Malaysian’s of all ages are engaging in more physical fitness activities, such as participating in competition and joining clubs, and are being encouraged to participate in physical education.
Employment of coaches and instructors also will increase with expansion of school and college programs and growing demand for private sports instruction.
Sports-related job growth within education also will be driven by the decisions of Ministry of Education.
Population growth dictates the construction of additional schools, particularly in the expanding suburbs.
However, funding for sports programs is often one of the first areas to be cut when budgets become tight.
But the popularity of team sports often enables shortfalls to be offset somewhat by patronage of the fans as is the case for football in the country.
The need to replace many high school coaches also will provide some coaching opportunities.
Competition for professional sports jobs will continue to be extremely intense.
However we could well do without the government at times over relying on foreign expertise when the locals are quite capable of doing the same jobs.
If the locals are not been given a chance to prove their worth, then we will continue to be in the backwaters when it comes to administrative skills.
Though some might disagree, the words of wisdom from OCM Hon. Secretary Datuk Sieh Kok Chi is something worth pondering upon.
For Kok Chi had lamented that if we pay peanuts we get monkeys and if we pay bigger peanuts we tend to get bigger monkeys.
How true, for there is a tendency to overpay the foreigners whereas when the locals apply for the same position, they tend to be given a lower salary thus there is no fair play or justice.
Sometimes it tends to make these capable administrators feel that it is sin to be Malaysian.
The authorities must change their perception and start relying on the locals to head the committees or special projects that have been earmarked towards gaining international excellence.
A friend once said that the prophet is often not believed on his own land and that is no longer a myth but a reality in the Malaysian sports fraternity.
As for the athletes, the opportunities to make a living as a professional in individual sports may grow as new tournaments are established and prize money distributed to participants increases.
Most professional athletes’ careers last only several years due to debilitating injuries and age, so a large proportion of the athletes in these jobs is replaced every year, creating some job opportunities.
However, a far greater number of talented young men and women dream of becoming a sports superstar and will be competing for a very limited number of job openings.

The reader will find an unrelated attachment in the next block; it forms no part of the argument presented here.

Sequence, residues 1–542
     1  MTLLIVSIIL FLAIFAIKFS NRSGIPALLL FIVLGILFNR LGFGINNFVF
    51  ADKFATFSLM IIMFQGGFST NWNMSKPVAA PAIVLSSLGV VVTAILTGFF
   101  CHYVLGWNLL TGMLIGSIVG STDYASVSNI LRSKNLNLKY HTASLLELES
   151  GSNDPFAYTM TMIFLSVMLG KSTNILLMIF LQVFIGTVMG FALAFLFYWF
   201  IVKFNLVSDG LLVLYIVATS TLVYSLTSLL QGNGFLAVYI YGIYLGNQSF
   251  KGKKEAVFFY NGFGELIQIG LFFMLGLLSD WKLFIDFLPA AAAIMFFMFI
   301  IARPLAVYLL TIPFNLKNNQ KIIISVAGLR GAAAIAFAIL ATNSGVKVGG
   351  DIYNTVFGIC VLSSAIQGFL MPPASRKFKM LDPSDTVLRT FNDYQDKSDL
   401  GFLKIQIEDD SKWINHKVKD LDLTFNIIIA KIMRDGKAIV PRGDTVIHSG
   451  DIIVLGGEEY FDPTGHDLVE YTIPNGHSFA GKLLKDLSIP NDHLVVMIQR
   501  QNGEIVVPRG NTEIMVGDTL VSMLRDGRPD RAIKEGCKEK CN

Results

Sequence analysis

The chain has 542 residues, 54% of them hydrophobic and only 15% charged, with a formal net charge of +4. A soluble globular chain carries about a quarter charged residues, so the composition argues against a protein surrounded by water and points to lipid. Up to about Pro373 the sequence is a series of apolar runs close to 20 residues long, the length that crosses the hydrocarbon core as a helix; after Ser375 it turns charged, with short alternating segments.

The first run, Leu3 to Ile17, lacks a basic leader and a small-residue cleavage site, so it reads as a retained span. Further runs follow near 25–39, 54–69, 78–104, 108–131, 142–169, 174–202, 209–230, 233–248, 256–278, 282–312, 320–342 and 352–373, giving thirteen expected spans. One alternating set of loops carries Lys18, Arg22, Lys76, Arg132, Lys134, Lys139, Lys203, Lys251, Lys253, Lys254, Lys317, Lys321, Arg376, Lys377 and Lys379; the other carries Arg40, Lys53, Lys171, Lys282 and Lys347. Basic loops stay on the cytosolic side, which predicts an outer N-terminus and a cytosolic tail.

Education and training requirements for athletes, coaches, umpires, and related workers vary greatly by the level and type of sport.
Regardless of the sport or occupation, jobs require immense overall knowledge of the game, usually acquired through years of experience at lower levels.
Athletes usually begin competing in their sports while in primary school and continue through high school and at times college or universities.
They play in tournaments and on high school and college teams, where the best attract the attention of professional scouts.
Most schools require that participating athletes maintain specific academic standards to remain eligible to play.
Becoming a professional athlete is the culmination of years of effort. Athletes who seek to compete professionally must have extraordinary talent, desire, and dedication to training.
But all of these will count for nothing if we continue to sidelines the locals in the decision making process.

Friday, August 15, 2008


Some people seem to suffer from a problem reading and understanding. They have gone on record to say that I have joined MHF and just because I was at the Razak Cup Final, they now claim that I am conspiring to derail their ambition to take over Malaysian Hockey. Sadly some of these people are ones that played for my club in the 90's. I wish them and their friends the very best in their quest of relating me to the difficulties they face. Believe in what you want and say what you want for I will not lose sleep over your childish nature. Spread whatever you want for eventually the trust prevails. Hiding behind a name plucked out from the sky does not help at all for one person knows the truth.

So to all those who claim or are being told that I am part of MHF, against the 102, plotting the downfall of MHF, have something to gain if 102 get into power, good luck to you and hope that you are happy about what you say. Always remember that as in politics and no in sports, there are no permanent enemies nor are there permenant friends.

And by the way I am gainfully employed and not jobless as some claim to be and I left my last job on mutual consent after the expiry of my contract.

Thursday, August 14, 2008


The best of the best CEO’s in the corporate world know that being mentally
prepared is absolutely essential to compete in today’s highly volatile and
selective markets.